Wilson deterred by planning problems

21/05/2008 - 22:00

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Despite an ongoing shortage of car bays in the Perth CBD, national parking operator Wilson Parking is reducing its footprint in the city, having failed to secure approvals from the City of Perth.

Wilson deterred by planning problems
Time to Talk: National carpark operator Wilson Parking has called for a third party to mediate applications for car parks in Perth.

Despite an ongoing shortage of car bays in the Perth CBD, national parking operator Wilson Parking is reducing its footprint in the city, having failed to secure approvals from the City of Perth.

Two of Wilson's car parks have closed down during the past six months - one on Hill Street in Perth, the other at Parker Street in Northbridge.

The latter was operated by Wilson for five years before its planning approval was turned down by the City of Perth earlier this year.

The company's most recent setback came last week, when the City of Perth council rejected an application for a new 36-bay longstay car park at 1143 Hay Street, on the corner of Havelock Street in West Perth.

According to the city's planning committee, Wilson's application was rejected because it didn't enhance the amenity of the area, despite the city's planning department having recommended the project go forward.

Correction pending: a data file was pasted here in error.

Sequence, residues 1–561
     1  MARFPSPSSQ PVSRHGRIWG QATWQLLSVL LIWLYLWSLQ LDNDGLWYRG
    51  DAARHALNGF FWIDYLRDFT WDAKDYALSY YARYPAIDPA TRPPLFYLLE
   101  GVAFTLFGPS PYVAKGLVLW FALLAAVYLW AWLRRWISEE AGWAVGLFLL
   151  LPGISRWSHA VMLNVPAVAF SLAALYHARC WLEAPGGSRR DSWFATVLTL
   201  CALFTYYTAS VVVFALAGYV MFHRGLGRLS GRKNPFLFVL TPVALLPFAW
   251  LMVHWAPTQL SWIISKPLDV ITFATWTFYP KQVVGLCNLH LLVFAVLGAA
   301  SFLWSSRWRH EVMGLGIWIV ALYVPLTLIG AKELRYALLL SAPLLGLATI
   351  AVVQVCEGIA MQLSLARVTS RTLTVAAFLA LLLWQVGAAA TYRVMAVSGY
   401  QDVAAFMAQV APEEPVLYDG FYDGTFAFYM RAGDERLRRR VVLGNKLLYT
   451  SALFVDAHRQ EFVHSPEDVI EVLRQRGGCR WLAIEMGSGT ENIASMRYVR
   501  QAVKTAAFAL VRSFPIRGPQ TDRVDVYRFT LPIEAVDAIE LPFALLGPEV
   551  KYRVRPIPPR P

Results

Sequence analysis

Wilson Parking Australia chief executive (parking), Craig Smith, said in a statement that a third party was needed to assess applications from parking providers.

"We believe that it is necessary for an independent body to regulate parking practices in Perth," Mr Smith said.

"We don't see any benefit to the general public by allowing a situation to continue whereby the approving authority in the CBD and surrounds is also a key player in the industry." Wilson, which operates 18 car parks in the Perth CBD and West Perth, claims the city is also in violation of the Perth parking policy, in capping short-term rates at its car parks, which encourages people to stay longer.

It's a view firmly rejected by City of Perth parking committee chairman, Michael Sutherland.

"We've been putting up our shortterm rates in some car parks, to free up the short-stay bays.

We've actually hiked up our rates at His Majesty's, Pier Street and several others," Mr Sutherland said.

"We've also got data which shows that the use of the Mandurah railway line has freed up bays as well." City of Perth chief executive officer Frank Edwards said the city provided a service in competition with businesses in other sectors, such as childcare and waste collection.

"Council has the right to conduct business, and in car parking we're one of the few cities that hasn't sold off its asset," he said.

"The City of Perth cannot approve its own developments - it has to go to the WA Planning Commission - but it has a statutory obligation to approve all others." Wilson has also criticised the city for appealing a decision by EPRA to turn down a proposed car park on Wellington Street, which the company believes is also in violation of the parking policy.

Yet the city maintains it was within its rights to appeal the decision, because EPRA was taking too long to make a decision.

The dispute comes at a time when the Department for Planning and Infrastructure is in the process of updating the Perth parking policy.

Wilson has argued that the policy should be flexible, to determine short- and long-term parking limitations on a site-by-site basis.

The review is expected to be completed by the end of June.

The City of Perth operates a total of 34 car parks in the CBD and West Perth, compared to Wilson's 18.

The latter operates 200 car parks across Australia.

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